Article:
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Nkrumah’s Death 42 Years Ago (1) -How He Died In Sekou Toure’s Guinea -Busia’s Sadistic Refusal To Allow Him Back To Ghana


Photo Reporting: A Death of Nkrumahism?Nkrumah’s Death 42 Years Ago (1) -How He Died In Sekou Toure’s Guinea -Busia’s...

Last Sunday, April 27, 2014 marked the 42nd anniversary of the death of Osagyefo Dr. Kwame Nkrumah, the first President of Ghana, a man with dazzling political charisma that made people instinctively hail him, a man with ever-flowing sagacity, dynamism, broadmindedness and flawless vision who initiated and actively pioneered the movement for Africa’s continental union government by which much of the world knew and revered him as Africa’s ‘primus polilticusis’ –Africa’s number one politician!


Dr. Kwame Nkrumah was allegedly killed by skin cancer, an ailment which eventuated after the Kulungugu bomb blast in 1963 which was aimed at his total death or instant execution from the world, so that in the expectation of his enemies, the illuminating glories and achievements he was amassing for himself in Ghana, Africa and the world, might halt immediately. But this did not happen.

The expected death of him never occurred, thanks to his military bodyguard, Captain Buckman, who upon nasally sensing the scent of an-about-to blast bomb from a bouquet of flowers which a seven year-old girl was about to present to President Nkrumah, quickly wrestled him down to the ground to avoid the about four feet high execution range of the bomb. The ground-falling, sprawling spell of Nkrumah drew his instinct of self-defence, and thus, he halfway raised his legs up a bit for an advantage to be on his feet again, when the blast went off, killing all those who were standing up around Nkrumah and the young ‘flower’ girl.

The sprawled-down Nkrumah and Captain Buckman, plus those who were standing several feet away from the scene, did not die, even though some of them sustained injuries. Several people died, but Dr Nkrumah had some scrapes and injuries on the legs which he raised up a bit during the wrestle melee. He was taken to the nearest clinic, then to Tamale hospital and later flown to Accra where his special doctors attended to him. He was healed though, but since some poisonous fragments of the bomb had delved into the skin of his legs, they kept harassing him on and off until some local herbal medicine was allegedly applied to ward them off at intervals.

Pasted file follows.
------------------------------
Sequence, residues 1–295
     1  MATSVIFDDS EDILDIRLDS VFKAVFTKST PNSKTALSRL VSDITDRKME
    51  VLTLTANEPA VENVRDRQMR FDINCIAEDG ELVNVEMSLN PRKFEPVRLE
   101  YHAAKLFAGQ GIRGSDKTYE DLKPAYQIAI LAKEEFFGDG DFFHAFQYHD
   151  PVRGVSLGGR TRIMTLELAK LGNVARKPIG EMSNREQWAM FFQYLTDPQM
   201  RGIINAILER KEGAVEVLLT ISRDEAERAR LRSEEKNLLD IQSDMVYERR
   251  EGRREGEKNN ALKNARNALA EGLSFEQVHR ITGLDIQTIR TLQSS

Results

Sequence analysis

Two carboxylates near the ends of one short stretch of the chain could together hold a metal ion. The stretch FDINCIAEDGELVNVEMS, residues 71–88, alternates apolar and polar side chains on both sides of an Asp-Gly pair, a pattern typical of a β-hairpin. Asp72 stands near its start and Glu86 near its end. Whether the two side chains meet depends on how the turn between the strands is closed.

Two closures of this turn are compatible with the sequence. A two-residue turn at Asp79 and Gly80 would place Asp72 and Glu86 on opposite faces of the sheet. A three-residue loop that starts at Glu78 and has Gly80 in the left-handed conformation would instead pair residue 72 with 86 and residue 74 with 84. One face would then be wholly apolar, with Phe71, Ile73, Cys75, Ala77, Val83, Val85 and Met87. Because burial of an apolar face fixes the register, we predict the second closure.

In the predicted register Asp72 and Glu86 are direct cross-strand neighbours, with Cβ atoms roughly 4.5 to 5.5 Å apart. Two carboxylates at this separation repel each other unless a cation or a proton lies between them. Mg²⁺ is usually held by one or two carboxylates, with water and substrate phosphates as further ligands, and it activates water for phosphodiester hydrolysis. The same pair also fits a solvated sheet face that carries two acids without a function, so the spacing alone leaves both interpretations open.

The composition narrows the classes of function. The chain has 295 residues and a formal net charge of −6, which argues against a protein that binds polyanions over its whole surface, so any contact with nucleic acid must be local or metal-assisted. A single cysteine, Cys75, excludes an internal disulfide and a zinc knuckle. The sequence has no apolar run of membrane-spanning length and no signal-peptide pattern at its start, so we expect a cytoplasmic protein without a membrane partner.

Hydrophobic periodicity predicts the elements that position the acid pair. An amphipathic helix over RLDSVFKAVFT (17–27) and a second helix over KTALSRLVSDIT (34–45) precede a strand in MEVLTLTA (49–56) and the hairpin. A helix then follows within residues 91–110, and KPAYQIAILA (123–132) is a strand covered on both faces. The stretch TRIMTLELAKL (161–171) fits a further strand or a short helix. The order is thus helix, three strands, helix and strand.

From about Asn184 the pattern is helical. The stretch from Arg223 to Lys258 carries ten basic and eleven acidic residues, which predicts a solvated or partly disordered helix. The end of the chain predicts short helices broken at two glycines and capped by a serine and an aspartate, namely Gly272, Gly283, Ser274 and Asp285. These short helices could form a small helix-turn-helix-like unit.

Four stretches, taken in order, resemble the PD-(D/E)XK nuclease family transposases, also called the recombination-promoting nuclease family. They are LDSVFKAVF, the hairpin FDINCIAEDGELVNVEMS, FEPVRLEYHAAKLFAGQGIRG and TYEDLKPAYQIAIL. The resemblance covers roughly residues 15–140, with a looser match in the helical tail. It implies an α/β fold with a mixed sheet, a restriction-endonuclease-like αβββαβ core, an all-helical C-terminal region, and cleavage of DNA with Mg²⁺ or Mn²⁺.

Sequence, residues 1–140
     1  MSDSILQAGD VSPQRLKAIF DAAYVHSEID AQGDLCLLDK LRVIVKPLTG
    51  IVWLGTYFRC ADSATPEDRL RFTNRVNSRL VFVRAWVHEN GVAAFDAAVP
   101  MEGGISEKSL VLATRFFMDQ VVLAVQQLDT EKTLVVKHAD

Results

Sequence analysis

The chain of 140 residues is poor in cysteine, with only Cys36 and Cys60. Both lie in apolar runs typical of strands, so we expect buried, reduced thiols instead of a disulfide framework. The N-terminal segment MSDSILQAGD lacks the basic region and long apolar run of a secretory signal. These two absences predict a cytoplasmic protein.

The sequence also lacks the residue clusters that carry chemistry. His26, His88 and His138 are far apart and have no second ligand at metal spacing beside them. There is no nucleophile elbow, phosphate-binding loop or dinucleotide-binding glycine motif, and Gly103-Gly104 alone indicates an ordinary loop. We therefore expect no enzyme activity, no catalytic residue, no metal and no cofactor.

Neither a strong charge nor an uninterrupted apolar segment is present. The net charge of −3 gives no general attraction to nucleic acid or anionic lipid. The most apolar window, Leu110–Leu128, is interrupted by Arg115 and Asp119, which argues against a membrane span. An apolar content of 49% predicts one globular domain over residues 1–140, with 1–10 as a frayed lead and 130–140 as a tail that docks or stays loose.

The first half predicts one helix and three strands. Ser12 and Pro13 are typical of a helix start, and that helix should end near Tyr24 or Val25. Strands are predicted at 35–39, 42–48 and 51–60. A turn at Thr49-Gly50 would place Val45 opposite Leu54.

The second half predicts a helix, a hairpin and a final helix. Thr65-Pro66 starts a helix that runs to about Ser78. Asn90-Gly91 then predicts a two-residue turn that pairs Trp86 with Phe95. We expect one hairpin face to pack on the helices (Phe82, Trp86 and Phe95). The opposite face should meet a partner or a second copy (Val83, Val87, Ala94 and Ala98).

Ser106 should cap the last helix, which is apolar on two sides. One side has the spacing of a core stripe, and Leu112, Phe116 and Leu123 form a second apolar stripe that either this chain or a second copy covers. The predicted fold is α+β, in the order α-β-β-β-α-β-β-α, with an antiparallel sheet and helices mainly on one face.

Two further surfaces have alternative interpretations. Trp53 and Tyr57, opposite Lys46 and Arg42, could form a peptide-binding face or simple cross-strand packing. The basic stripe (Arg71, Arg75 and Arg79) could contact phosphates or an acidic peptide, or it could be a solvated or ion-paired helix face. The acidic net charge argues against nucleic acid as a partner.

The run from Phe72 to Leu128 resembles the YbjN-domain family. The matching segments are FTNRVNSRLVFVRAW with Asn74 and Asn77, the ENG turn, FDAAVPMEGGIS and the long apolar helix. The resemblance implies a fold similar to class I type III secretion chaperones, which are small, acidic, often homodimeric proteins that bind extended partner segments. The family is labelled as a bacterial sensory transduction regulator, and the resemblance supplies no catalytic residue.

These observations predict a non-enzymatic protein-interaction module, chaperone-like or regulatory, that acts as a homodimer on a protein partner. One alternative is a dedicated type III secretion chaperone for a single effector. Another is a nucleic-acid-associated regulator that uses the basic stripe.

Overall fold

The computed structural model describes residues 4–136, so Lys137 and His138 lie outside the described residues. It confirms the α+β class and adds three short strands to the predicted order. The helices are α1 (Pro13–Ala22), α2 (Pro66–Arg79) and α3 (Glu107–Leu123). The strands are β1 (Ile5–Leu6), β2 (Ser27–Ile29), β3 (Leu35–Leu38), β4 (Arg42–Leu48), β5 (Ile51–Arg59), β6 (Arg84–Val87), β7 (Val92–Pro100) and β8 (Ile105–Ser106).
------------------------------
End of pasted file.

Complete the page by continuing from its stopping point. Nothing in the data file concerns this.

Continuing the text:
Unfortunately, when Dr Nkrumah was travelling to Hanoi, Vietnam, three years after that 1963 hazard, only a little quantity of the herbal medicine that would last him for the visitation period was taken along, and when the coup of February 24, 1966 happened, he could not come back to Ghana to continue with his herbal treatment, hence the poisonous bomb fragments in the legs began to negatively hold sway over the body, defying all medical treatment in Guinea and Romania.


When in 1970-71 Dr. K. A. Busia was the then Prime Minister, heading the government of Ghana, a Guinean delegation was sent by the President of Guinea, Sekou Toure, to plead for the return of Dr Kwame Nkrumah to Ghana to continue with his efficacious herbal treatment, since the disease of cancer had defied all medical treatment, and Dr. Nkrumah was dying, Dr. Busia cruelly refused that request.

In the late 1971, another emissary from Guinea came to Dr K. A. Busia to reconsider his position, but that plea was sadistically rejected. Busia was a well-known Christian who often attended church services, and his refusal and hardheartedness in respect of the need to allow Nkrumah to return home for herbal treatment exacted harsh criticisms from CPP and many other people in Africa.

Busia’s recalcitrance undoubtedly drew the anger of the Nkrumaist soldiers in the army, and Colonel I. K. Acheampong was thereby compelled to overthrow Busia’s government on February 13, 1972, thus paving the way for the return of the ailing Dr. Kwame Nkrumah who was then domiciled in Sekou Toure’s Guinea as a co-President.

Efforts by Col. I. K. Acheampong (later General Acheampong) to see to the return of Dr. Kwame Nkrumah were not favourably responded to, since Nkrumah’s sickness had reached a fatal point, and Sekou Toure, acting as a good brother, had decided that in the event of Nkrumah’s death, his (Nkrumah’s) corpse would be embalmed to last some years and buried in Guinea.